4 considerations before applying to schools abroad

**The Edvocate is pleased to publish guest posts as way to fuel important conversations surrounding P-20 education in America. The opinions contained within guest posts are those of the authors and do not necessarily reflect the official opinion of The Edvocate or Dr. Matthew Lynch.**

A guest post by Brooke Chaplan

Attending school overseas is an exciting idea for any prospective student. But when push comes to shove, there are numerous practical decisions you have to think about before applying abroad. From the travel, cost, and even just the application itself, going overseas can mean a lot of time and work put in from you. Considering every detail is important to getting the best deal and finding the perfect program for you. Of these numerous considerations, the four most important are listed below.

Consider the Cost
Analyze the marketability of the degree you’re thinking about, the chosen school’s prestige, the availability of student loans for foreign students, and the exchange rate between the local currency and the currency used in the country where the school is located. If you fail to factor in the financial burdens associated with going to school abroad, you may be financially crippled for life. Keep in mind that many foreign locales have excellent programs for a fraction of what a degree would cost elsewhere, you just have to be sure. If your degree program isn’t going to guarantee you a job or internship back home, the cost of going to school may not be worth the reward. Look at students who have succeeded in the past and talk to faculty who can help you find out where you can use the degree to your advantage.


Consider the Housing
Specifically, does the university provide housing for foreign students, what is the cost of living on campus vs. off campus, is it safe to live off campus, and what type of public transit is available to ride to the school? If you find an economical apartment in a nice neighborhood but with no access to public transportation, then living there may be impractical. If they do provide student housing is it included in tuition costs? Are there any ways you can save money or get financial aid here as a foreign student. Look at all your options and find out what you can live with.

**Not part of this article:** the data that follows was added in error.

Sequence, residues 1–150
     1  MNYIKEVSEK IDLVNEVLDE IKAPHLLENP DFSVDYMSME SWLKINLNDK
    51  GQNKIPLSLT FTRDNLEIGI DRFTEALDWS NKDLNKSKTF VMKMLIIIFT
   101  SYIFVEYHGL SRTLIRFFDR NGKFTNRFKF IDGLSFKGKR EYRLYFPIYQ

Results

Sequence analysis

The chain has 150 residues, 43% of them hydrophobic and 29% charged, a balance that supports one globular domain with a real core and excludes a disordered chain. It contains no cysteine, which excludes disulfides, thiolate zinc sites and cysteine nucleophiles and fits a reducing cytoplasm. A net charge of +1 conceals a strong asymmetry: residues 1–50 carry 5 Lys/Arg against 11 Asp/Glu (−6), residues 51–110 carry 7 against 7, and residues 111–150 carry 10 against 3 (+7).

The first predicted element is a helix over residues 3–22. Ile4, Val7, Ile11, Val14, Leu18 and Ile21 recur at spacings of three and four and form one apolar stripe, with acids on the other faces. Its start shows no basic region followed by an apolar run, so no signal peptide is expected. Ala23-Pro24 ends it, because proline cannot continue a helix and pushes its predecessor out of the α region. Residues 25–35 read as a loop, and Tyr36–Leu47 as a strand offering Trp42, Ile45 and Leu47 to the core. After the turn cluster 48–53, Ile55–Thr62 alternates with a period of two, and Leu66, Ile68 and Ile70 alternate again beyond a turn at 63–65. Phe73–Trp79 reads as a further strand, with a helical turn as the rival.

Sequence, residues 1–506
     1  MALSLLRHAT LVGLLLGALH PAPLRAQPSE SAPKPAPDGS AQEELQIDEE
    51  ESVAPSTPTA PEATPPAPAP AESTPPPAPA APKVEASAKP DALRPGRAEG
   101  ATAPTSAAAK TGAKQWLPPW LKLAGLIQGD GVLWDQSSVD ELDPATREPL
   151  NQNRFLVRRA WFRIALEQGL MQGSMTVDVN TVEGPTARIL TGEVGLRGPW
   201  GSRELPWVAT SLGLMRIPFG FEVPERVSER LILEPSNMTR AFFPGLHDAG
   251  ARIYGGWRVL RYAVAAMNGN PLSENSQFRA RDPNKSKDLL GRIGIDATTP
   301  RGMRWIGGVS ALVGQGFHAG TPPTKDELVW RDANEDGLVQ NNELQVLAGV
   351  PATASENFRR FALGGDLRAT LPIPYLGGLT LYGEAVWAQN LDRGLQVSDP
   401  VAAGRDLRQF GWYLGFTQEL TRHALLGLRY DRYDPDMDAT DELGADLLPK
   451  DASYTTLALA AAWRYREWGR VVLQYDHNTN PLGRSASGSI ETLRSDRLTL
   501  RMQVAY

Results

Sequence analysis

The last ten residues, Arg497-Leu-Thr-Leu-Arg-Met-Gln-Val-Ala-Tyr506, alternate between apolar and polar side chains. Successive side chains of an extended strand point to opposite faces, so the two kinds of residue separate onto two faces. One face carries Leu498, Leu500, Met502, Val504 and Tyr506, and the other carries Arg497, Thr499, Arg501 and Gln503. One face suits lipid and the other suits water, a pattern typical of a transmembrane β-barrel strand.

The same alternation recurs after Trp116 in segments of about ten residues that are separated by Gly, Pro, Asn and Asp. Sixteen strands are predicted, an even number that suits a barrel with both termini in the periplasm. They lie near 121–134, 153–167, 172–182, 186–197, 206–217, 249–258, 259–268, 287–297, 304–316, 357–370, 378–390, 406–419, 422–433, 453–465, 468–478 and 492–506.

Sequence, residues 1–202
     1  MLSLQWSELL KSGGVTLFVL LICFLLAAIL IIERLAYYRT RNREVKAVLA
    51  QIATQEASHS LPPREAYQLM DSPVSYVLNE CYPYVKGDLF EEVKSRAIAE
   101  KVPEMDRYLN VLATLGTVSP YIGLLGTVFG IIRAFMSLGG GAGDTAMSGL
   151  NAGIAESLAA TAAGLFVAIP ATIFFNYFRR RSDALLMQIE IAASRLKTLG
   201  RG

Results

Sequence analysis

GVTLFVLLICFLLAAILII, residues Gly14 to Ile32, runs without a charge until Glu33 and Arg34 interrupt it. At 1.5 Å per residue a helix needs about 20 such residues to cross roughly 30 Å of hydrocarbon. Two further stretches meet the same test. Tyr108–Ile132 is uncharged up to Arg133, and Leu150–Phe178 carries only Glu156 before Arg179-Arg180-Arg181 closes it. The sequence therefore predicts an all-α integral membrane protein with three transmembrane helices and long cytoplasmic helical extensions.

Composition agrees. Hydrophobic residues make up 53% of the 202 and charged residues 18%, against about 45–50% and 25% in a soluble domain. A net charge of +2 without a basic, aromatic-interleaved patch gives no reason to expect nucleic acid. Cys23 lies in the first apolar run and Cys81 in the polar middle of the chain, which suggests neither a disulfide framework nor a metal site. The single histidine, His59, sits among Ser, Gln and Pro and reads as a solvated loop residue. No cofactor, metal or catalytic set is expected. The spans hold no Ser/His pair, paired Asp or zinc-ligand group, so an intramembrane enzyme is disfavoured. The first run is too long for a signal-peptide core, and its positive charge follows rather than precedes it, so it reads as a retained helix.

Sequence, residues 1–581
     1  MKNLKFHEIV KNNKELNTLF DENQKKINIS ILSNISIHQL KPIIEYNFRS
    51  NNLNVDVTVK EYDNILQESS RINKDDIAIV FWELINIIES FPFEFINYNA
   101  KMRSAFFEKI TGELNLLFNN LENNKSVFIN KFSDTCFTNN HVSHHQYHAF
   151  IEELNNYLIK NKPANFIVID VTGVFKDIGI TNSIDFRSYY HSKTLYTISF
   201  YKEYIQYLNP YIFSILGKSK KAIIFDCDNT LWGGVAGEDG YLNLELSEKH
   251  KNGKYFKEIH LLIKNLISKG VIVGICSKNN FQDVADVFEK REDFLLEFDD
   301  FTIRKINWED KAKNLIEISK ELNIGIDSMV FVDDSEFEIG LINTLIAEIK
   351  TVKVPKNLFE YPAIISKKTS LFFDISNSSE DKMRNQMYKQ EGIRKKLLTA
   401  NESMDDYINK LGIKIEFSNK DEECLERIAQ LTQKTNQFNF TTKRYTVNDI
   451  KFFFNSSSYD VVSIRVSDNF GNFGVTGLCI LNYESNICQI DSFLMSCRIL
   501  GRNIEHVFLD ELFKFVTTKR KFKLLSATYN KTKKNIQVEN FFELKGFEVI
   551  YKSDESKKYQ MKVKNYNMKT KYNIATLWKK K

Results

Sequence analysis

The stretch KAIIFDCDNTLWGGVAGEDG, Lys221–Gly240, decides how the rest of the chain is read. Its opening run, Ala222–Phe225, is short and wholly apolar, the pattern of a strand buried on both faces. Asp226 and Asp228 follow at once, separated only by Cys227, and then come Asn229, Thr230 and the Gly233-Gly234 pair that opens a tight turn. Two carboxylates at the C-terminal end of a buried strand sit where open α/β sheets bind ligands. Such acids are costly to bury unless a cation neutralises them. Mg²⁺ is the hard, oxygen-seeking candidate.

Consider the Travel
A U.S. citizen will need a passport to leave the U.S. and vaccinations for local diseases may be needed before you can safely enter a foreign locale. Certain students may need a student visa in order to enter a foreign country as well. For example, if you wanted to attend medical school in an exotic location like the Caribbean, a visa would be required for those staying in the country more than 90 days. Schools like St. Martinus University often offer a lot of student financial aid for travel and visas as well. If you are going to a more exotic country you might need to think about language barriers. If you will have a lot of fellow foreign students to help you around and if you are familiar with the culture it may not be such a shock.

Consider the Local Government
Utilize websites such as the CIA World Fact Book to evaluate the governmental stability of the country in which the school is located and research how locals are reputed to treat students of your own nationality. It would not be ideal to attend a school in an area where you don’t feel safe or welcomed. Look at reviews of the school from alumni and past foreign students. They can help you navigate your way in how life is after graduation and during the school semesters.

Wherever your educational goals take you, the most important thing to remember is to work hard and enjoy the country you’ve chosen to visit. Immersion into a foreign culture exponentially broadens your horizons and will provide you with a completely different perspective on life.


Brooke Chaplan is a freelance writer and blogger. She lives and works out of her home in Los Lunas, New Mexico. She loves the outdoors and spends most her time hiking, biking and gardening. For more information contact Brooke via Twitter @BrookeChaplan.

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